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EMS, Patient Care

Writer calls for Medics to risk more in shootings, misses the target

Kevin Hazzard (@NakedStrangers), is a writer and former Paramedic from Atlanta who wrote a piece for the Washington Post titled “Paramedics are taught not to risk their lives after mass shootings. They should.”


You can imagine the uproar from the three disciplines.  Just reading the comments on the original piece sums up the range of emotions from one reader, “Hell yeah, get in there and save lives” to the other end of the spectrum calling Hazzard all sorts of names and questioning if 9 years in Atlanta makes him an EMS “expert.”

First thing first: I wasn’t with Hazzard those 9 years so I can’t speak to his experiences.  However, based on this article and the recommendations, I would lean on the side of inexperience.

I’ll also have to disagree with the title, which is not often written by the writer but instead an editor. “…risk their lives AFTER mass shootings” should read DURING.  After the shooting stops we re-evaluate the situation.

Here’s why:

We in EMS and Fire are taught to stay back during violent events because we are not trained to be able to prevent the scene from devolving.  We are not trained to secure, scan for threats and protect a scene, be it shooting, stabbing or explosion.  We are trained to deal with the aftermath.

The article touches on the newest fad in EMS, TEMS, which will soon go the way of MAST pants and cooling.  The idea of giving an EMT a quick class on how to stand near an armed group of officers and issuing them a vest and helmet really only helps pay the mortgage of the guy selling the vests and helmets.

I’m all for PPE for our people.  I’m also for the core element of TEMS which is integration with PD when needed.  What we don’t need is adrenaline junkies on almost minimum salary being given a vest and helmet and sent into chaos.  The team needs to be highly trained and fully equipped.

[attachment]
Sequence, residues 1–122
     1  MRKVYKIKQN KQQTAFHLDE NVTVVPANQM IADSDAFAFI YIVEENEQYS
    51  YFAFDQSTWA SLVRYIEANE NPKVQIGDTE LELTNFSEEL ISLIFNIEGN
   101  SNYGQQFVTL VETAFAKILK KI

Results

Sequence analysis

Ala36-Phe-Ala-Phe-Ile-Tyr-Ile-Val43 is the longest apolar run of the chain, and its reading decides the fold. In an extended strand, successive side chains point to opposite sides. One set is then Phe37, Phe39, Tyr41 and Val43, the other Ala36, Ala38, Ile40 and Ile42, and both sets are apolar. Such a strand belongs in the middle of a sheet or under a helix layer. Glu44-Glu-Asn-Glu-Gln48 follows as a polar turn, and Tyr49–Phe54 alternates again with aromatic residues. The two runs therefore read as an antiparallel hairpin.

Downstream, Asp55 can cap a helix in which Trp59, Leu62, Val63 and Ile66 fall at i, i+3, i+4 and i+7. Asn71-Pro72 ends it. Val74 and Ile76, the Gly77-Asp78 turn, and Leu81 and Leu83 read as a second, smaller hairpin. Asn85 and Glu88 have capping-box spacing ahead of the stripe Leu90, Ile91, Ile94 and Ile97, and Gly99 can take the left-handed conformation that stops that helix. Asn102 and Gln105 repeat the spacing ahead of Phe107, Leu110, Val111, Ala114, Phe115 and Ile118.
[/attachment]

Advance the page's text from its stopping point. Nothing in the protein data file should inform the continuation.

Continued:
Will immediate intervention make a difference in some cases?  Perhaps.  Hazzard mentions that victims in Boston were treated immediately because EMS was already onsite.  True.  Hazzard also mentions that the Pulse Nightclub shooting held rescuers back and people were taken out in pick up trucks.  Also true.


As an EMS Captain for a large, busy EMS system I can relate to many of the challenges in staffing a TEMS team that can line up and be ready to go in with the second or third wave, the Rescue Task Force.  The training usually involves everyone arriving together at a safe location, donning their gear and going into an office building of some kind.  Neato!  Now imagine the real life call when the first 2 patrol officers report an active shooter and the ambulance beats everyone else in.


Hazzard, based on the article, wants the public to expect that ambulance crew to don their vests and helmets, grab their trauma gear and line up!  After all, isn’t it worth my life to save another?



No my life is not on the table to save another.  My skills are here to do the most good for the most people.  Getting shot to save a life while 3 others perish is not heroic, it is right out of Hollywood who has a horrible track record for accuracy of our profession.

Do we take risks?  Absolutely.

If trained and equipped will I enter a hazardous area to perform a rescue?  Absolutely.

If I am surf rescue qualified and see someone in distress in the water without my gear will I risk my life for theirs?  Absolutely not.

On a side note, I would imagine many folks who are pushing for TEMS gear and limited training were also against cops getting Narcan.  “They don’t have the training to administer it and do a good enough job!”

Same as we don’t yet have the training to TEMS everything.

A successful TEMS program deployed in the community is a great idea, throwing gear on the rig because it’s the latest, greatest thing is going to get someone killed.  And chances are that someone was the only one who could have saved the rest of the injured at the scene.


Stick to writing TV for now Hazzard, your concepts will look better from my couch than the Command Post at an active incident when people are down.

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